As Painful As It was to Watch, the U.S. government's scolding of Detroit auto makers last fall, and the subsequent bankruptcies that resulted at the former General Motors Corp. and Chrysler LLC, led to a greater understanding of the auto industry in Washington, a panel of experts says.

“I think one of the reasons the Detroit Three leaders took such a hit was because even they weren't aware how little understanding people in Congress had about how the industry worked,” George Perry, CEO of Yazaki North America, says at MBS.

Perry says the appointment of car czar Ron Bloom “may be a good thing for the industry. It's obvious we weren't able as an industry to get our message across to the government. Maybe (because) they appointed somebody who is supposed to understand the message, they'll listen.”

Dave McCurdy, CEO of the Alliance for Automobile Manufacturers, believes “Congress as a whole” now is more aware of how the industry functions.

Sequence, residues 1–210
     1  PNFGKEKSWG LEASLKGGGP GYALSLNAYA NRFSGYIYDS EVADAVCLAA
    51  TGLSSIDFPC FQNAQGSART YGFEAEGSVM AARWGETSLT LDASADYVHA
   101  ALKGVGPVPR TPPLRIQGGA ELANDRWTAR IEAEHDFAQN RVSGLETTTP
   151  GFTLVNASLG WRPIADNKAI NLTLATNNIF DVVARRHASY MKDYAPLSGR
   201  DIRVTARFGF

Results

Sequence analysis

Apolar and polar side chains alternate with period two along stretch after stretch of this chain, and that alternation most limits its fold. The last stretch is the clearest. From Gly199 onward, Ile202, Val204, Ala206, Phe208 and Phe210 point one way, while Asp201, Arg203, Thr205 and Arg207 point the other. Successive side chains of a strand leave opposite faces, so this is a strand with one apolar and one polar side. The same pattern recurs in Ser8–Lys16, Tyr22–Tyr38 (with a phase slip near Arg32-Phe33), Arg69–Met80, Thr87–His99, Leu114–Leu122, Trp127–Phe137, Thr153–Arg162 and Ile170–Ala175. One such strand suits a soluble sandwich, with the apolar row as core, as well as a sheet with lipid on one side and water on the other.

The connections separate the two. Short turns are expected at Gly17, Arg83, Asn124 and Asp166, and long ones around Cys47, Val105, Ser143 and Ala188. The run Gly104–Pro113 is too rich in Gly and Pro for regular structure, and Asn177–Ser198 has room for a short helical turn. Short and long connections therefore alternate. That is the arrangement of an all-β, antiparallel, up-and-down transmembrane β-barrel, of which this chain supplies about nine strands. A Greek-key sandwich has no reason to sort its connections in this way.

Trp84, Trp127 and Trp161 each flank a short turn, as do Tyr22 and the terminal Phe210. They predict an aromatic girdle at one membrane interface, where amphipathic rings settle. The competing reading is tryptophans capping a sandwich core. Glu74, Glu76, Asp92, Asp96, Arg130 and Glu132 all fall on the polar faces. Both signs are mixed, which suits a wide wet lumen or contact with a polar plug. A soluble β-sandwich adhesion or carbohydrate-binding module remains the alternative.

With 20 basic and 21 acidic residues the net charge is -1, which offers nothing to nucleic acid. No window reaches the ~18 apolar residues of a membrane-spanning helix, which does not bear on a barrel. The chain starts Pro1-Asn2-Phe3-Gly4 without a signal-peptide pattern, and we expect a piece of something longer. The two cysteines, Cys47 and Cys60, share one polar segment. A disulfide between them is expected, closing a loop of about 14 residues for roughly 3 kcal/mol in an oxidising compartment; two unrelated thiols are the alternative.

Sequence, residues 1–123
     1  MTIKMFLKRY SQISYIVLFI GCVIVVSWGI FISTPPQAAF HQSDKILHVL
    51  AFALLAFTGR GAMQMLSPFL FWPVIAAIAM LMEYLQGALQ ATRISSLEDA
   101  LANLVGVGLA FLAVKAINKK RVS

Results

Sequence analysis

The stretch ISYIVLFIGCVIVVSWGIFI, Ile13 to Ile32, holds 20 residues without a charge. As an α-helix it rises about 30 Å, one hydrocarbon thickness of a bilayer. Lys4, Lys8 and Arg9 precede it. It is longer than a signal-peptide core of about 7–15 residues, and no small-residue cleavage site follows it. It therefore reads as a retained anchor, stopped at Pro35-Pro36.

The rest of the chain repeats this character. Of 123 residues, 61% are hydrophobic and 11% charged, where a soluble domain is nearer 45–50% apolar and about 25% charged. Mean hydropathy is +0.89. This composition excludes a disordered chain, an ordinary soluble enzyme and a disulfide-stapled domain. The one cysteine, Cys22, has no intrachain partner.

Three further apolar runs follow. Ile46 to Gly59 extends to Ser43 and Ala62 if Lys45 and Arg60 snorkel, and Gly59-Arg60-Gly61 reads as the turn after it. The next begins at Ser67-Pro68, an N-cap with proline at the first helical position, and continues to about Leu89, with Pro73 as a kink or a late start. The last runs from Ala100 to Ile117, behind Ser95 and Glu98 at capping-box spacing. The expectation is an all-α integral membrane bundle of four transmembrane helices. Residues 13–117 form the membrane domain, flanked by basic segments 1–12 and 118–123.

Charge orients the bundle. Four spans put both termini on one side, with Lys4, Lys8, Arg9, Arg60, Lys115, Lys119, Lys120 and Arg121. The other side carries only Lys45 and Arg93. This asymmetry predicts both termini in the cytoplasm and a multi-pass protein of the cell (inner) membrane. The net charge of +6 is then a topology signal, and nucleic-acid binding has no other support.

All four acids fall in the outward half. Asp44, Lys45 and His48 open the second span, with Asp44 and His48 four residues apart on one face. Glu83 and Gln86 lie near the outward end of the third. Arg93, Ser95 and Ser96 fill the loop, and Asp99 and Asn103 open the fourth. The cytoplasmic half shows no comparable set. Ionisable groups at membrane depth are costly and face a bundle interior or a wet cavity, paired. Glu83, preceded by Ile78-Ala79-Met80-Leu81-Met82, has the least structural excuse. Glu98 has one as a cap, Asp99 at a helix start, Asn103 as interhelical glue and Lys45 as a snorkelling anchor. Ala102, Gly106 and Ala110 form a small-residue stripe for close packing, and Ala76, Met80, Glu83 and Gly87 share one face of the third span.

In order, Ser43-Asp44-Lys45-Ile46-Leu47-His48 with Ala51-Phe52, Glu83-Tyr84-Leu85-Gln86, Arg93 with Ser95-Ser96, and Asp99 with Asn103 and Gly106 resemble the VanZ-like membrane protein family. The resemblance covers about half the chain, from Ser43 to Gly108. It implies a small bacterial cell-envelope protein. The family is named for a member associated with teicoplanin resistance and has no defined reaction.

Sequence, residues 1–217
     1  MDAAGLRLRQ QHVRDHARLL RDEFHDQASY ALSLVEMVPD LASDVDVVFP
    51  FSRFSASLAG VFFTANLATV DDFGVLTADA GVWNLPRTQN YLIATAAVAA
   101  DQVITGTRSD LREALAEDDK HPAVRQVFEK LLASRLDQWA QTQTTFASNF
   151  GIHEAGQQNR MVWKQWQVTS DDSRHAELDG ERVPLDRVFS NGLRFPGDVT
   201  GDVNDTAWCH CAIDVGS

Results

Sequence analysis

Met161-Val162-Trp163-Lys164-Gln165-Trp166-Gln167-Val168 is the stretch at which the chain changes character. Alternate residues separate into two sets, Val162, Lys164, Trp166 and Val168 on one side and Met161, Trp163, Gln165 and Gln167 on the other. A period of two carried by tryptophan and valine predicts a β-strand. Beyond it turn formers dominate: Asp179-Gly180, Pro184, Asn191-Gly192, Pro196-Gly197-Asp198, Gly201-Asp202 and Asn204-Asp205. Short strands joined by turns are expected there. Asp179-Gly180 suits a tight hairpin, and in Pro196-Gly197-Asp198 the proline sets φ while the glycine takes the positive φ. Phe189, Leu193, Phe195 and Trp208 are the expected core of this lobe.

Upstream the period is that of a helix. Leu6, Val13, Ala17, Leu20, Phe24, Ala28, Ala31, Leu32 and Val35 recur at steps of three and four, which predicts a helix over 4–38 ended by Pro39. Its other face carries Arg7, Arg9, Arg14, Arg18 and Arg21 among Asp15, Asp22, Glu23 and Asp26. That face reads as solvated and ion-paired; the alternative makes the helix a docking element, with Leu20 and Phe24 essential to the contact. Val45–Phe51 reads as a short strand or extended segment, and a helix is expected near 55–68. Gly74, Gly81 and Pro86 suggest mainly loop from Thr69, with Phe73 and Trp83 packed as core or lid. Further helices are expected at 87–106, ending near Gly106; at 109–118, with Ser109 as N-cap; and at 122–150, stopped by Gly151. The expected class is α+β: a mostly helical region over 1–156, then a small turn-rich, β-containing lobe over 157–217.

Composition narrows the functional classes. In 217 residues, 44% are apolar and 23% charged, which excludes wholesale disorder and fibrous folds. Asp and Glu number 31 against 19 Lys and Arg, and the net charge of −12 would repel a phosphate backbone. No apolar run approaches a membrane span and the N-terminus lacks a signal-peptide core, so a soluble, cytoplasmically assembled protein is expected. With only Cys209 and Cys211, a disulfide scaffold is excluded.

Still, he wishes the May announcement of a fuel-economy compromise between auto makers, the California-led coalition of states, the federal government and environmental groups had not been overshadowed by the GM and Chrysler bankruptcies.

“The crisis stepped on the headlines of that achievement, which is a bit frustrating,” McCurdy says, because it would have helped change perception — that the industry now is “more proactive and progressive and trying to address broader goals.”